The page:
The first talk of the conference is by Rich Kilmer on MacRuby & HotCocoa.buy ultram online
He’s starting out by talking about the history of Apply and Ruby. The first time a version of Ruby was shipped with OS X was in 2002: Ruby 1.6.7 was shipped with OS X version 10.2. The next big development was in 2007, when Ruby 1.8.6, RubyGems, RubyCocoa and Rails were shipped with OS X version 10.5. Later this year, SnowLeopard will include Ruby 1.8.7, RubyGems, RubyCocoa and Rails 2.2.buy diazepam online without prescriptionvalium online no prescription
Rich is telling us that one of Apple’s goals is to make OS X the best platform for Ruby developers. Another is to make Ruby a first-class Cocoa programming language on OS X. He hopes that it will become the best Cocoa programming language – a pretty tall order.
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Now we’re diving into the history of RubyCocoa, by Fujimoto Hisakuni. It first emerged in 2001. It provided a bridge between Ruby and Objective-C. Rich is telling us that the first version of the installer wasn’t great – it managed to delete his entire /Library directory. RubyCocoa first shipped with Leopard. Rich is showing us a RubyCocoa Hello World implementation. Wow, it’s really long – about 20 lines. It’s barely visible to people at the back of the room!soma online no prescription
Rich is describing the problems with RubyCocoa. First, it’s a bridge. Second, its messaging syntax is different. Third, Ruby uses green threads. Lastly, you ended up with 2 runtimes and 2 garbage collectors, which caused problems. In a nutshell, you could build apps with RubyCocoa, but probably not large, complicated ones.
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Then MacRuby hit the scene. MacRuby 0.4 is built on top of Objective-C 2.0 and Ruby 1.9. Every Ruby class/object/method is an Objective-C class/object/method. That’s great, because you get the dynamism of Ruby with the runtime and speed of Objective C: much better than a bridge.adipex online without prescription
Now we’re seeing a MacRuby implementation of Hello World. Well, it’s still about the same amount of code. There’s still a lot of code around wiring things together and configuring things.
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And now, enter HotCocoa. Rich is showing us how to refactor the MacRuby Hello World example into HotCocoa. He’s removing lots of code, bit by bit, and looking more and more like plain Ruby. Actually, it’s looking a but Rails-y in places (e.g.buy ambien without prescription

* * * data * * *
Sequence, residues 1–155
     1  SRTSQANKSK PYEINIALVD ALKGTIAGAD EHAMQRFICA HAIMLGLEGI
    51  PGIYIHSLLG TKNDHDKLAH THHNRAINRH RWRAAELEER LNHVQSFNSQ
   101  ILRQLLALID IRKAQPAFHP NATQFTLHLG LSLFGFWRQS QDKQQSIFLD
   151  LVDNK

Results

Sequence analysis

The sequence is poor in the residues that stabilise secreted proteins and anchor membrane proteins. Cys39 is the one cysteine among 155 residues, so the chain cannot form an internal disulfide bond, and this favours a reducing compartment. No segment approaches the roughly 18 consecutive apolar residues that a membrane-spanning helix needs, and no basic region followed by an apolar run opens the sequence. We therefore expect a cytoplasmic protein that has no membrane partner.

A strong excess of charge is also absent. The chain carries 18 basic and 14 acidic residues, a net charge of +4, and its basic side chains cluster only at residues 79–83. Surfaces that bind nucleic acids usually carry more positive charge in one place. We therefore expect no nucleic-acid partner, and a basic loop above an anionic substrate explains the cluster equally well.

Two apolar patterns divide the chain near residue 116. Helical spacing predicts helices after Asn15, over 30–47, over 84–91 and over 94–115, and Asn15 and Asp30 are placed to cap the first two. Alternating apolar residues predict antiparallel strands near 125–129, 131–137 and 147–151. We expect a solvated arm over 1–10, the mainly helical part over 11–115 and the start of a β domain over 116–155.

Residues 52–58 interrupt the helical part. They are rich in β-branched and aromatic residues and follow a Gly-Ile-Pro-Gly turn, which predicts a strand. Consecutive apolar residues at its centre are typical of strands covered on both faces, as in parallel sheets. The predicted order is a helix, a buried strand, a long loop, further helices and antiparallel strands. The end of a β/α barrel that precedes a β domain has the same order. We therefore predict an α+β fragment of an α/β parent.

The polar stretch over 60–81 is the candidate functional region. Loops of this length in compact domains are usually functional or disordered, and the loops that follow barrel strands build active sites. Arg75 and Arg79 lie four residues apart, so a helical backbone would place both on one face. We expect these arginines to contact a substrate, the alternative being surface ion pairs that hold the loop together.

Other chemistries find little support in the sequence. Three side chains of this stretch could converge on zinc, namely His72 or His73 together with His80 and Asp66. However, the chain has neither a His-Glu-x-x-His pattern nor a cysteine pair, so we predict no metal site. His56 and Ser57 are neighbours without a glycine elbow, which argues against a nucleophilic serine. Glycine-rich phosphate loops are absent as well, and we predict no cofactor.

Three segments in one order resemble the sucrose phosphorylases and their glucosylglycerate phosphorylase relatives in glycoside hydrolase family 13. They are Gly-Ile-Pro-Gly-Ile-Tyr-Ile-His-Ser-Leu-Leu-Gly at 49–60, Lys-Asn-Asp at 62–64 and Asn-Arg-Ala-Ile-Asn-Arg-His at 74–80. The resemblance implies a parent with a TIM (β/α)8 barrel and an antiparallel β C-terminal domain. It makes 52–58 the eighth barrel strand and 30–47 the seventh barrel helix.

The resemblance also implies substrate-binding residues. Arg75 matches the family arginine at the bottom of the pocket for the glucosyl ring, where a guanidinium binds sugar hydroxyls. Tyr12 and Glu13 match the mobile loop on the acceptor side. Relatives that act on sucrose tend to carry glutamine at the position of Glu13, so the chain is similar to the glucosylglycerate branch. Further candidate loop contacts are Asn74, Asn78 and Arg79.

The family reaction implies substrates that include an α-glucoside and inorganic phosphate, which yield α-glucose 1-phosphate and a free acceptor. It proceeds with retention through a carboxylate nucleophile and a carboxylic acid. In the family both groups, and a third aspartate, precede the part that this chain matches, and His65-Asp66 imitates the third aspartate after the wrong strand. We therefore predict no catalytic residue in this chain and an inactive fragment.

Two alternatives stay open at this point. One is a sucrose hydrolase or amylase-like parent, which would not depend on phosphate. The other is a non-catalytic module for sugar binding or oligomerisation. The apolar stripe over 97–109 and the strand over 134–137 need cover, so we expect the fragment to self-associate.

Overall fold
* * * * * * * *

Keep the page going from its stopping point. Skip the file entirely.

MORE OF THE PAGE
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He’s down to 7 lines now of pure Ruby. Rich is telling us how a lot of the excitement around HotCocoa is because of its ability to simplify the configuration of your code.
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Rich is giving us a live demo, using HotConsole (available on GitHub), of HotCocoa. HotConsole is written in HotCocoa. He’s running simple Ruby code such as
and how he’s also running code such as
w = window :title => 'hello' b = button :title => 'push me'
Hey presto, a window pops up with a button labeled “push me” on it. Rich gets a round of applause!
Rich is going on to talk about MacRuby 0.5. Over Christmas break, Laurent stargin building a new VM for MacRuby, based on LLVM. He already has a functioning replacement for YARV. Other parts of Ruby 1.9 are being replaced with Objective-C code also (such as the garbage collector and built-ins). The JIT is actually just generating machine code, which means it’s really fast: about 4 to 5 times faster than Ruby 1.9 (the goal is to pass them all). It won’t use any libffi for external calls. It’s passing many RubySpecs already. Laurent is also going to make it fully re-entrant and implement fully concurrent threading. His goal is to automatically generate Grand Central code.
All this could lead to some exciting developments, such as, in Rich’s words, the ability to run Ruby on a “small device that runs OS X on a cellular network” :)
We’re out of time for Rich’s talk. He’s suggesting that you go to macruby.org to learn more.
There’s a gig round of applause as Rich leaves the stage. Break time now!